fully capture the interrelated components of sexual desire.
Emily A. Impett, Institute of Personality and Social Research, University of
California, Berkeley; Amy Strachman, Institute for Health Promotion & Disease
Prevention Research, University of Southern California, and eHarmony Labs,
Pasadena, California; Eli J. Finkel, Department of Psychology, Northwestern
University; Shelly L. Gable, Department of Psychology, University of California,
Santa Barbara.
Preparation of this article was supported by a fellowship awarded to Emily A.
Impett from the Sexuality Research Fellowship Program of the Social Science
Research Council and by a Ruth L. Kirschstein National Research Service Award
to Amy Strachman. We thank Amie Gordon, Anne Peplau, and Deborah Schooler
for helpful comments on earlier versions of this article.
Correspondence concerning this article should be addressed to Emily A. Impett,
Institute of Personality and Social Research, 4143 Tolman Hall, 5050, University
of California, Berkeley, CA 94720-5050. E-mail: eimpett@gmail.com
Journal of Personality and Social Psychology, 2008, Vol. 94, No. 5, 808 823
Copyright 2008 by the American Psychological Association 0022-3514/08/$12.00 DOI: 10.1037/0022-3514.94.5.808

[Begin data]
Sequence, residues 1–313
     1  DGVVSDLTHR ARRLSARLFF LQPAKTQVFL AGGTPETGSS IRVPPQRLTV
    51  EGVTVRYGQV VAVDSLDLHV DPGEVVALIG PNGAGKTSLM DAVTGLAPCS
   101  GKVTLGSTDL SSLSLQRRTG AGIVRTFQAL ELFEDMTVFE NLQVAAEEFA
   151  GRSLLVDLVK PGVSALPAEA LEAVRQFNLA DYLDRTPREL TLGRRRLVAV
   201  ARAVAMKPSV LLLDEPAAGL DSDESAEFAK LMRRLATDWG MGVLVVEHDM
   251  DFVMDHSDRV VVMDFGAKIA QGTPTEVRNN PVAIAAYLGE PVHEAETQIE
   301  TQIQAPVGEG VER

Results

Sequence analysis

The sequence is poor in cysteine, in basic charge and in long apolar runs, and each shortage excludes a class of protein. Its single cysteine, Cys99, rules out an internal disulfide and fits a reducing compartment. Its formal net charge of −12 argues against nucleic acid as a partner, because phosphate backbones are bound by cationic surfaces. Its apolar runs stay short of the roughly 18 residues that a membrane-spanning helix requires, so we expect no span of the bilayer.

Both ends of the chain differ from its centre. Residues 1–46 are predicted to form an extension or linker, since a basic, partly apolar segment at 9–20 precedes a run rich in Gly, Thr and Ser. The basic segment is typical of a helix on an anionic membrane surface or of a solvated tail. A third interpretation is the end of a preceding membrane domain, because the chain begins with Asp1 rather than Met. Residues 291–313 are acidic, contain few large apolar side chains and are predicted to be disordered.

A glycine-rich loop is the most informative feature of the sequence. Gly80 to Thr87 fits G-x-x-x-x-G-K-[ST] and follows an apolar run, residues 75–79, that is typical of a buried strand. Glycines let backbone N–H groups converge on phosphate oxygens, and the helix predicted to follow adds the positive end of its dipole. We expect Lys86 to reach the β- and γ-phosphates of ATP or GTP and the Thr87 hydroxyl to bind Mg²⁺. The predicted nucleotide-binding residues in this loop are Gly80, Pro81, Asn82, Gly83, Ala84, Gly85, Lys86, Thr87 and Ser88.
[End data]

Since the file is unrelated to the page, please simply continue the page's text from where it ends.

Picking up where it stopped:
808
2002). Another study documented that the association between relation-
ship duration and reduced frequency of intercourse was stronger than the
association between age and sexual frequency (Johnson et al., 1994). In
short, sexual desire typically peaks at the beginning of relationships when
partners are just getting to know each other and often decreases over the
course of relationships (Basson, 2002; Levine, 2003).
Because both sexual desire and sexual satisfaction play key
roles in determining the quality of intimate relationships, relation-
ship scholars and therapists should care about the decline of sexual
desire. Many studies of couples who voluntarily attend sex therapy
clinics provide support for the idea that low sexual desire is
associated with decreased levels of relationship satisfaction, both
for individuals with low desire and for their partners (e.g., Mc-
Cabe, 1997; Trudel, Landry, & Larose, 1997). More recent studies
have also documented similar associations between sexual desire
and relationship satisfaction in community samples of married
couples (Brezsnyak & Whisman, 2004) and dating couples
(Regan, 2000; Sprecher, 2002). Further, many empirical studies
have documented a significant positive association between sexual
satisfaction and dating and marital quality (Yeh, Lorenz, Wick-
rama, Conger, & Elder, 2006; see review by Sprecher & Cate,
2004). Sex therapists have similarly noted that when sexuality
functions well in a marriage, it contributes substantially to the
marital bond. However, dysfunctional or nonexistent sexuality
robs the marriage of intimacy, satisfaction, and stability (Mc-
Carthy, 1999).
While a wealth of research has shown that sexual desire con-
tributes to relationship quality and stability, less research has
investigated the factors that help promote and sustain sexual desire